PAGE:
Search

Coming Back After Covid In 7 Steps

Updated: Apr 28

A Local’s Guide to Re-opening Amidst the Covid-19 Crisis; 7-Steps for Safe Return


This is an unprecedented time we are all living through. Our thoughts and prayers go out to all those in our community who have lost friends and family, and to all the heroes working on the frontlines to keep everyone safe from harm.


For anyone who runs a small business, re-opening after Covid is critical, so that we can continue to feed our families, and pay our bills. Perhaps some governmental relief helped bridge the bad times, but most of us would like to focus on how to get our doors back open — safely. And that is going to depend on a very careful and complete plan for your business operations.


Establishing a SRS — ‘Safe Return Strategy’


‘The Spur’ has come up with a guide that we are following to reopen our business, and we thought it might be helpful for other local businesses, too, as we are all navigating these unknown waters together. We estimate that Governor Cuomo will allow many businesses to reopen by mid-to-late May, so now is the time to build a Covid -19 ‘Safe Return Strategy — SRS’ that will keep your employees, your customers and your own families safe during this crucial time.


A vital part of your strategy has got to be getting your clients, and your employees, to feel confident that you are maintaining appropriate cleansing and safety standards to safeguard them. Businesses that want to survive will present their intentions, with crystal clarity, to workers and customers alike — thereby attempting to answer every and any question, before it is even raised. Make your plan and share it with the world — let them know you care!

And BTW, a sound strategy is not just a ‘nice to have’ — it’s the law! Businesses that don’t comply with emerging new rules will face the possibility of expensive fines — and even litigation. Covid-19 is going to be with us for a while, so we need a plan to work with it, and not expect it to go away anytime soon. Check out our “7-Step Safe Return Strategy” below — and please — stay safe!

1) Forget Your Star Sign! — What’s Your Covid Score?

The most important thing is to keep yourself safe. Just like when on a plane you must put on your own mask before assisting others, your own health has got to be priority number one. Our recommendation is try out this simple site.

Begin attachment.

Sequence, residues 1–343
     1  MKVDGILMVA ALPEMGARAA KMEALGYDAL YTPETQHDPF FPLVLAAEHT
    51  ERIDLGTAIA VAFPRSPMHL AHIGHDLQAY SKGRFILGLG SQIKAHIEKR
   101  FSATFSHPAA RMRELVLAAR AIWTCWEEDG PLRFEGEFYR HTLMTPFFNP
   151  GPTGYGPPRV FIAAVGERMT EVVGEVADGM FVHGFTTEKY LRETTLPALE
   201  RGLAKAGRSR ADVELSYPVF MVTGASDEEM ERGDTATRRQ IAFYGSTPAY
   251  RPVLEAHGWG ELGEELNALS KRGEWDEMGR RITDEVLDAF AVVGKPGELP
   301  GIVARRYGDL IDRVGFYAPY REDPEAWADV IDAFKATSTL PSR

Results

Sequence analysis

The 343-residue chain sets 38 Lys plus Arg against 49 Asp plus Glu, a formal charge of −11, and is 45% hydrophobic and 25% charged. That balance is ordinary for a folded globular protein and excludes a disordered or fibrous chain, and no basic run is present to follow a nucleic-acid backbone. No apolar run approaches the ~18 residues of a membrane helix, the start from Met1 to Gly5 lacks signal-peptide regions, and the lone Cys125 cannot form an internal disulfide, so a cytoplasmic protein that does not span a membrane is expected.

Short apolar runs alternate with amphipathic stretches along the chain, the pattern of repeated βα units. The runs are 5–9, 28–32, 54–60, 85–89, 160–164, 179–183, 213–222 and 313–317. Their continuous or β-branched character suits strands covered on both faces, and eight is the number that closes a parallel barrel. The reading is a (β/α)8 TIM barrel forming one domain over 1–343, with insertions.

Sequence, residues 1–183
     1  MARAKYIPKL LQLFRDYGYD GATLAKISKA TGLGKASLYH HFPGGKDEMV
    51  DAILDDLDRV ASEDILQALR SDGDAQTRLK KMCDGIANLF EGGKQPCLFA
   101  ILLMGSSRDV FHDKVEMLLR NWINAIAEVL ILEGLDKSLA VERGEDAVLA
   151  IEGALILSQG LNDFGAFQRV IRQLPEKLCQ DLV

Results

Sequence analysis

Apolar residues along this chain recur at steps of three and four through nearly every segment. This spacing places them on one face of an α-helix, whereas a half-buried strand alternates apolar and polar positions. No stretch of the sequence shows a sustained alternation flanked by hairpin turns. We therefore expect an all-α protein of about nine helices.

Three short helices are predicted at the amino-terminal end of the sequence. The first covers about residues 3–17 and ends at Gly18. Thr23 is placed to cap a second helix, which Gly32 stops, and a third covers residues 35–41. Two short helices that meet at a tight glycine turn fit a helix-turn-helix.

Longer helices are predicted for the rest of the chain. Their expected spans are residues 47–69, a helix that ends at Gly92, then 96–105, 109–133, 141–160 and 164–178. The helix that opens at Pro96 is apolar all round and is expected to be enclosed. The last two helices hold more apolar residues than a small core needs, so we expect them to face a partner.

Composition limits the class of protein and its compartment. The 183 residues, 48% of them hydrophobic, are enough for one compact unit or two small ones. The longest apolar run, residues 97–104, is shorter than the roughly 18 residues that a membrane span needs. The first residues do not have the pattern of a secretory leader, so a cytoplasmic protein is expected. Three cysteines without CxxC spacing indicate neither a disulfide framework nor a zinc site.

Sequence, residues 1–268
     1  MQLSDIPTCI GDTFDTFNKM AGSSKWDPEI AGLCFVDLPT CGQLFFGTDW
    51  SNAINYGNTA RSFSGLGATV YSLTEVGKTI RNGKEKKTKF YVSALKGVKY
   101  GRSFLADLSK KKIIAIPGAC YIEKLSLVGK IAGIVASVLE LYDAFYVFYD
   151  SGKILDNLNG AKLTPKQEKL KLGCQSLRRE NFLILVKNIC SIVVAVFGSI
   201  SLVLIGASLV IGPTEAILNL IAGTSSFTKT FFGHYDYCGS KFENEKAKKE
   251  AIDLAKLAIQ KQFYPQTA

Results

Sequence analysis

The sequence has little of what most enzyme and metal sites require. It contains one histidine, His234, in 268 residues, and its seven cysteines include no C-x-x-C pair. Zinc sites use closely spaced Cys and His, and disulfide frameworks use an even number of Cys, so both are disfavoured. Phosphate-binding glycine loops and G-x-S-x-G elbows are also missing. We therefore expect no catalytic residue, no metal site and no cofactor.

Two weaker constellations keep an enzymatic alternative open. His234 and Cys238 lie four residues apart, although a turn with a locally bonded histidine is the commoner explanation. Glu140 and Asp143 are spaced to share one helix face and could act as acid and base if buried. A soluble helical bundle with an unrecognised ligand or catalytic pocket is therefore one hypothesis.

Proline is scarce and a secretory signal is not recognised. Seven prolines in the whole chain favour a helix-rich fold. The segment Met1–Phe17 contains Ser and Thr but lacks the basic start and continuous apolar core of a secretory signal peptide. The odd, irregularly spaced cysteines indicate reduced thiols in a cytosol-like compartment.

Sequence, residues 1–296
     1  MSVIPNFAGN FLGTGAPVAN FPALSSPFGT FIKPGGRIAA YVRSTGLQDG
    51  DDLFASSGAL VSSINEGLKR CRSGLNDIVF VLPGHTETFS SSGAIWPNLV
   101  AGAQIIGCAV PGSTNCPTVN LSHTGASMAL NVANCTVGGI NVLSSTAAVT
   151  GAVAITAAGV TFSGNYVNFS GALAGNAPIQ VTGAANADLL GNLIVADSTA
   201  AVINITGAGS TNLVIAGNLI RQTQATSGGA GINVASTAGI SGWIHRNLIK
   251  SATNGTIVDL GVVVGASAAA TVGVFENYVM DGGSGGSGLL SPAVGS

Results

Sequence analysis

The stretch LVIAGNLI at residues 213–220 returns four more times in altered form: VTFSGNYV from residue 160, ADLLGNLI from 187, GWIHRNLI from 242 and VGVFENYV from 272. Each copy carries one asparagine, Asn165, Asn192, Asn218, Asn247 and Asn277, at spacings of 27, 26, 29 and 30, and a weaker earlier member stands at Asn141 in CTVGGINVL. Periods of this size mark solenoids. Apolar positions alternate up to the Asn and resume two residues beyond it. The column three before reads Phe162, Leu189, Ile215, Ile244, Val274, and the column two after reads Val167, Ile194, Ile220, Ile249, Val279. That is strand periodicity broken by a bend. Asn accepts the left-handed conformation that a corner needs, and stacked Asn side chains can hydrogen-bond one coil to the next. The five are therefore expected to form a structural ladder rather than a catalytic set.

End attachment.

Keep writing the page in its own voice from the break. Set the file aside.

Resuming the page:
This tool asks you a series of different questions pertaining to your life and health, which take about 30 seconds to answer. Promptly, the elegant solution offers you a “Covid Score” from 1 to 10. Each “CovidNumber” corresponds to a complete protocol which should then be followed. This process will demystify the process of attempting to ascertain your own health, and the health of those around you — and it’s free! Encourage people in your world to take the test at CovidNumber.org. What’s your Covid Number?

2) Covid Clean


If you expect clients and employees to visit you, or your office, store or space, it needs to be deep cleaned on a regular basis, especially hard surfaces that are often touched. There are many local cleaning firms that could use the extra revenue right now, so clean up and help out! At The Spur, we work with GermRX, a local company that uses a special electrostatic cleaning technology.

You also, of course, need to make sure employees and visitors wash their hands as often as possible — ideally as soon as they enter your premises! Make sure there is plenty of hand sanitizer around in the entryway and offer it often.

3) Making Sure Employees & Visitors are Symptom Free The White House recently issued rules to place the burden on businesses to ensure their employees (and visitors) are Covid-19 symptom free. This is a HUGE responsibility if you are a business owner, so make sure to have a plan in place to protect yourself. How will you be able to prove to employees, customers — and regulators — that you have a systematic process in place to regularly assess the symptoms of workers and visitors alike?